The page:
JACC: Iron depletion linked to HF progression
Patients with heart failure (HF) often have the presence of iron depletion, suggesting a potential link between anemia and adverse prognosis in HF, according to a study published in the July 26 issue of the Journal of the American College of Cardiology. However, editorialists questioned whether the study was powered to draw that conclusion.

Anemia is a common comorbidity with HF, and the presence of anemia in this patient population is associated with greater functional impairment, worse New York Heart Association functional class and other adverse outcomes. These associations have prompted researchers to examine the inverse relationship between anemia and survival, leading to several evaluations of the effectiveness of erythropoietin and other erythropoiesis-stimulating agents to raise hemoglobin (Hb) levels and thus potentially improve survival in HF patients.

The cause for anemia in the HF population is unclear, according to the study authors, and the mechanism linking anemia and more severe HF remains unknown. Researchers have questioned whether anemia per se is a contributor to an adverse prognosis, a contributing factor or a biomarker for advanced HF.

In the study, researchers focused on iron deficiency and its potential role in HF. They hypothesized that depletion of myocardial iron content may provide the biological link for the association between anemia and adverse prognosis in HF.

Micha T. Maeder, MD, of the Heart Centre at Alfred Hospital in Melbourne, Australia, and colleagues conducted clinical and basic studies in nine healthy controls and 25 patients with advanced HF (left ventricular ejection fraction: 23 percent) to obtain hemodynamic, biochemical and echocardiographic data. “In the present study, we aimed to test the hypothesis that the association between anemia and HF severity, and outcome might rather be explained by an underlying depletion of iron stores, particularly at the myocardial level,” the authors wrote. “In the context of HF, systemic and myocardial iron deficiency could thus contribute both to anemia and HF progression.”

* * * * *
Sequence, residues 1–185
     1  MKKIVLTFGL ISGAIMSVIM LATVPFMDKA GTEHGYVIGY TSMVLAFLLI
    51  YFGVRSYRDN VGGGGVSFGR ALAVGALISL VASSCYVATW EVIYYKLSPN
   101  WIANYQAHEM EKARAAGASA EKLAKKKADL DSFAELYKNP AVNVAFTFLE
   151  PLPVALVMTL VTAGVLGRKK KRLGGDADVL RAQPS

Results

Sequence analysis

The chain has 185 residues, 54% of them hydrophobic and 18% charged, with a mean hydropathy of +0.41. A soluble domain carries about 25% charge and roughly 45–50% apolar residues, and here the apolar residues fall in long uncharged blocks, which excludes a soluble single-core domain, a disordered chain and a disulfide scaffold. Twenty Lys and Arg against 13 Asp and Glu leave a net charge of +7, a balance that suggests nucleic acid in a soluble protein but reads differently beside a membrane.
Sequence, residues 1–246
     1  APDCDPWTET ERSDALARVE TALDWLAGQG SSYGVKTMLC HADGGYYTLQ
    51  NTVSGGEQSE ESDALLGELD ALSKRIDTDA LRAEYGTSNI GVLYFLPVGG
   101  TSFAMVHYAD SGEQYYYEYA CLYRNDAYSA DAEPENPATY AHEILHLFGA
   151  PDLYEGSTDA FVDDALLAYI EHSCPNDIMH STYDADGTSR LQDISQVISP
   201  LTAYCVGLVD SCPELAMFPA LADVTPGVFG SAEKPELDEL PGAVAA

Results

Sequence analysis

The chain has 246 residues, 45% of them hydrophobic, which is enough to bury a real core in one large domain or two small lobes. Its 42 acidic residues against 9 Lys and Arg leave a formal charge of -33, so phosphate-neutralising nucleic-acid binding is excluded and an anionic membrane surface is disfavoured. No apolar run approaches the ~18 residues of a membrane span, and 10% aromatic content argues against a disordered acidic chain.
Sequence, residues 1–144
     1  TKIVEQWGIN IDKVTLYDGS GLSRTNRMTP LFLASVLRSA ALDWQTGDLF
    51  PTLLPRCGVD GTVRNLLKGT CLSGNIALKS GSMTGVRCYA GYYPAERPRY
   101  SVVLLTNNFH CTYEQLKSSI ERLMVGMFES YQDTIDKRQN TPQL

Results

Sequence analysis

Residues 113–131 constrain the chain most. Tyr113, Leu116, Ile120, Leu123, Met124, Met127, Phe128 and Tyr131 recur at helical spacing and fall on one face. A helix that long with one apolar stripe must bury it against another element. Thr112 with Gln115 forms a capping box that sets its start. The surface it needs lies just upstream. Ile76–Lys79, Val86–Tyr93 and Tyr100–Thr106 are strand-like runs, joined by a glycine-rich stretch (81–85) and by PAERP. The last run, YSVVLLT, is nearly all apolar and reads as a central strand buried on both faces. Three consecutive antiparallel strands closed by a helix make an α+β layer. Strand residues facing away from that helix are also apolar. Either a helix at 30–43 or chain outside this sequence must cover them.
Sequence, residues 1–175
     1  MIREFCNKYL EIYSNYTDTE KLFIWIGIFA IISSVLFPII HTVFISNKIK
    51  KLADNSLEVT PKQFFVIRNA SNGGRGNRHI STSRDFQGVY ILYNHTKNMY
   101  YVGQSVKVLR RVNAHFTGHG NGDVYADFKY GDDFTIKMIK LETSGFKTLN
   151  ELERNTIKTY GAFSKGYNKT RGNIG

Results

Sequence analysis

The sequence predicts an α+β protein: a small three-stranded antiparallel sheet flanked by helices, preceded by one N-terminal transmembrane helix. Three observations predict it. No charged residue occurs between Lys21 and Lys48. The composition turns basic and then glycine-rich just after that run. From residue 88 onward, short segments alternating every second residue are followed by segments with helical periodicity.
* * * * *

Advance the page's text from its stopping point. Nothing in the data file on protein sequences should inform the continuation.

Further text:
To address this question, the researchers performed a series of complementary studies in controls and HF patients, including biochemical and hemodynamic assessments and transcardiac blood sampling. These studies were complemented by determining tissue iron content and transferrin receptor expression in human heart samples, and by investigating the regulation of the transferrin receptor in cardiomyocyte cell culture.
Researchers reported that patients with advanced HF had lower Hb and biochemical indices of iron deficiency as measured by lower serum iron and transferrin saturation (TFS). HF patients with anemia exhibited a greater degree of iron deficiency, with TFS lower in anemic compared with nonanemic HF patients. The authors noted that TFS measures in nonanemic patients indicated intermediate iron deficiency.

“[I]t is possible that anemia only becomes apparent in HF when total-body iron stores are sufficiently depleted, a concept that is supported by our demonstration of a strong relationship between TFS and Hb,” the authors proposed.

In another analysis, they evaluated whether a reduction in myocardial iron content occurs in HF. They found that myocardial iron content was reduced in HF versus non-HF samples (0.49 ug/g vs. 0.58 ug/g).

“To the best of our knowledge, we showed for the first time that the iron content of the failing human heart is reduced compared with nonfailing hearts,” they wrote.

In an accompanying editorial, John J. V. McMurray, MD, of the University of Glasgow in Scotland, and Piotr Ponikowski, MD, PhD, of the Military Hospital in Wroclaw, Poland, categorized  key study findings as “pathophysiologically plausible, given the crucial role that iron plays in cellular function in general and oxidative metabolism in particular, especially in metabolically active tissue. Although attractive, this hypothesis needs further testing.”
The editorialists cautioned that the study sample was small; study subjects were atypical; and the comparison of healthy heart tissue with tissue from patients with end-stage heart failure undergoing transplantation was extreme. They called for additional studies and in their conclusion, Maeder et al also called for further studies.